# Probability and Game Theory in The Hunger Games

Wired Magazine takes a look at the statistics and theories behind The Reaping and the Careers’ strategy in **The Hunger Games**. This involves numbers that can make some people’s heads hurt, but I’m sure there are those of you who find this type of thing fascinating, and it’s worth a read!

First they look at the probability that someone will be chosen at The Reaping, by age:

Suppose the parents in a given district gave birth to only 10 children, five boys and five girls, and that all of these kids were born at the same time. This would mean that they would all turn 12 at the same time and that all their names would go into the lottery at the same time. Since the boys’ and girls’ drawings are done separately, each boy and each girl would have a 1-in-5 or 20 percent chance of being chosen for the game. Now in any given year, one girl and one boy will be chosen for the game and either because of victory or death, their names won’t appear the next year. Thus, in the next year all the kids that are eligible for the drawing would be 13 years old and all of their names would appear in the drawing two times. There would now be 8 boys’ names in the pool for boys (2*4 = 8 names), 8 girls’ names in the pool for girls, and each boy and girl would have a 2-in-8 or 25 percent chance of being chosen for the game. That is, the number of times that each person’s name appears in the lottery will have increased and the chance of being chosen will have as well. It shouldn’t be too difficult to see that each boy and girl will have a 3-in-9 or 33 percent chance of being chosen when they are 14, a 4-in-8 or 50 percent chance when they are 15, and at age 16 each would have a 5-in-5 or 100 percent chance of being chosen for the game. The figure below shows how the chance of being chosen increases with age:

He goes on to even more detail before moving on to how game theory – specifically the prisoner’s dilemma – applies to The Hunger Games.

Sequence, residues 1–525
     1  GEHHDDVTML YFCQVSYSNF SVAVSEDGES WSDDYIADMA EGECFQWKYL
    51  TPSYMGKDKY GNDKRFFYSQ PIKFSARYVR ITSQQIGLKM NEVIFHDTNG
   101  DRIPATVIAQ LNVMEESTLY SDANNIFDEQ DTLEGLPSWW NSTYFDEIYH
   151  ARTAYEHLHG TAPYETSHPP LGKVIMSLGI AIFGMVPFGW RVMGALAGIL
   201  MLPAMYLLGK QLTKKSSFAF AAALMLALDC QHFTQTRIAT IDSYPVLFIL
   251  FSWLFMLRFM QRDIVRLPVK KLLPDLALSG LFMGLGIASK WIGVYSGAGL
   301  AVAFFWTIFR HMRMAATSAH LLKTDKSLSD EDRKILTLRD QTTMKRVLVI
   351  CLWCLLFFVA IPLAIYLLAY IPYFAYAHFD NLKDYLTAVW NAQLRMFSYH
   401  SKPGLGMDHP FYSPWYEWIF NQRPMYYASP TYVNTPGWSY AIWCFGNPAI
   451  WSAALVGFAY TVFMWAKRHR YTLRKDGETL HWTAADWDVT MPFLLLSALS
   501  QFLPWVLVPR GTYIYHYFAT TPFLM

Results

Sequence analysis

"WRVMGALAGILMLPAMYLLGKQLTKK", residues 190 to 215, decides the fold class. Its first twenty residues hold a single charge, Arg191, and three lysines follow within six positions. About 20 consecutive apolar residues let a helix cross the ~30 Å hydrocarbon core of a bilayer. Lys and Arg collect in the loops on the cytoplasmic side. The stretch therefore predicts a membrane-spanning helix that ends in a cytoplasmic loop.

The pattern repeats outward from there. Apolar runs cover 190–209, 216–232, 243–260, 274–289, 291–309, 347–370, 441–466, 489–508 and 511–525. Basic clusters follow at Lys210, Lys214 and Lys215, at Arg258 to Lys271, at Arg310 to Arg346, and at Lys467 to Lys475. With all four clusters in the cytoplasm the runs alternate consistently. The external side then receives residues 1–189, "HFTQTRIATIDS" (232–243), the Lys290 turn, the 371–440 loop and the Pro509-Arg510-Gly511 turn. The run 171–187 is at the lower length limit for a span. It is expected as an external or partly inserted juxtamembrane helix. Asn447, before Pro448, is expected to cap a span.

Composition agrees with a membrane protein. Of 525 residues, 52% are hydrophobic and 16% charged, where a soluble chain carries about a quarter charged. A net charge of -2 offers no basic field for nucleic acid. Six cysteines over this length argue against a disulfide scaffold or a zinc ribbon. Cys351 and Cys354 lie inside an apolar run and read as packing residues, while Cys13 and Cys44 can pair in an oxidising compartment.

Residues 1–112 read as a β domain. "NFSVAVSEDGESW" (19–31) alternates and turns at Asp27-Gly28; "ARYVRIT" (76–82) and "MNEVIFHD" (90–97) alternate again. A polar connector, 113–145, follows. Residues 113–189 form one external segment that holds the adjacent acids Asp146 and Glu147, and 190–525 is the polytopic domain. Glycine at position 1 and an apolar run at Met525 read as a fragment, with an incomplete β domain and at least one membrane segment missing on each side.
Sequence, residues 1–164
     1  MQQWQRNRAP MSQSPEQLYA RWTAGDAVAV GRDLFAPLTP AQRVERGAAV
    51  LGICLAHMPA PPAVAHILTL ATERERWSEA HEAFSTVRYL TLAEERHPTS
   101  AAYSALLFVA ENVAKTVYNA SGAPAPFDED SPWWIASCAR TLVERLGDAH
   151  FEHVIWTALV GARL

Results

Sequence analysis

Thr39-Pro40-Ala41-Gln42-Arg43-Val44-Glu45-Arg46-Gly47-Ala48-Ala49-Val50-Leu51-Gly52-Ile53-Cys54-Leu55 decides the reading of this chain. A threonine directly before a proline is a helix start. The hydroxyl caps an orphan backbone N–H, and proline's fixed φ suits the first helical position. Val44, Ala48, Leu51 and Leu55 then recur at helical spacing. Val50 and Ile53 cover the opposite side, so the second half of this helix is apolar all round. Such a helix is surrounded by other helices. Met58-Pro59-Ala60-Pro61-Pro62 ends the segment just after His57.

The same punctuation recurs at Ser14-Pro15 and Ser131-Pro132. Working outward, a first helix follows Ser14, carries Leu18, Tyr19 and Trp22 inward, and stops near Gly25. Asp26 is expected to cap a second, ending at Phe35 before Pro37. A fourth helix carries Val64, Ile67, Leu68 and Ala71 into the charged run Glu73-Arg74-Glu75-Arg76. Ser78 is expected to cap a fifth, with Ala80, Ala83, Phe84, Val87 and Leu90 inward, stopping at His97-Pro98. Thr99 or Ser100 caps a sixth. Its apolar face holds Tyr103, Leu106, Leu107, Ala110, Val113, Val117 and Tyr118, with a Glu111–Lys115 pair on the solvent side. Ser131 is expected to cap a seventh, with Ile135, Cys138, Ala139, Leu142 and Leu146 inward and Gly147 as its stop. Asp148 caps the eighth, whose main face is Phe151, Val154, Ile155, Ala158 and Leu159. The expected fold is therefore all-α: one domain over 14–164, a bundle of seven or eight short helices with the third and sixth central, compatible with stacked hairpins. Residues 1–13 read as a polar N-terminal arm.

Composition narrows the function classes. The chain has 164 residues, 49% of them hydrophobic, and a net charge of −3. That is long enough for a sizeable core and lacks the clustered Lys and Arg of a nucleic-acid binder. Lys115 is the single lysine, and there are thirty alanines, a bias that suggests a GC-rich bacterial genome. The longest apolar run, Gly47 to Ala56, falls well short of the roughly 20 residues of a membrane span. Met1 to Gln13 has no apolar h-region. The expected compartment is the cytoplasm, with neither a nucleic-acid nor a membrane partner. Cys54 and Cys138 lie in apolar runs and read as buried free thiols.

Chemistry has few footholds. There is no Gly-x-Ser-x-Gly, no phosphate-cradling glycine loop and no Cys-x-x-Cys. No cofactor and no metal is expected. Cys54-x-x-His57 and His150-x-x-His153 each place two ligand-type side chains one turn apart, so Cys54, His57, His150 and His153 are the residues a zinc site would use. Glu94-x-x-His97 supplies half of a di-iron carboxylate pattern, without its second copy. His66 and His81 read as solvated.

In both the movie and the book we see a coalition of some of the players develop where they attack other players as a group. As I considered this, and being aware of game theory, I wondered how such an alliance could be stable, given the powerful incentive all members of the coalition have to kill each other in order to better position themselves to win the game. In fact, I wondered how members of the coalition would even get any sleep, especially given that they slept near each other. This may seem like a strange question but the PD game can show that it isn’t so strange.

Consider the following table:

Don’t Sleep _{all}Sleep _{all}Don’t Sleep _{1}Tired, Tired Kill, Killed Sleep _{1}Killed, Kill Rested, Rested Here subscript “1″ refers to any member of the coalition and subscript “all” refers to all other members of the coalition. Let’s consider matters from any given member’s perspective (the subscript 1 player). What if the other players don’t sleep? If you don’t either, then you will be tired and, perhaps, more vulnerable to better-rested contestants. But if you sleep while others are awake, any one of them can kill you in your sleep. Presumably, it’s better to be tired than dead so you are under tremendous pressure to stay awake.

If all participants choose not to sleep and make this choice evening after evening, then all of them will end up being tired and more vulnerable to better-rested contestants. So why do members of Cato’s coalition in

HGget any sleep at all?

Check out the full article here if this type of thing interests you!

But shouldn’t children be born each year? So, theoretically, the year that the 8 remaining kids turn 13, there should be other kids who turn 12 and are entered once each (if tessarae are inapplicable for this math problem). Therefore, the 16-year-old should not have a 5-in-5 chance, especially if 10 kids are born every single year. Does that make sense?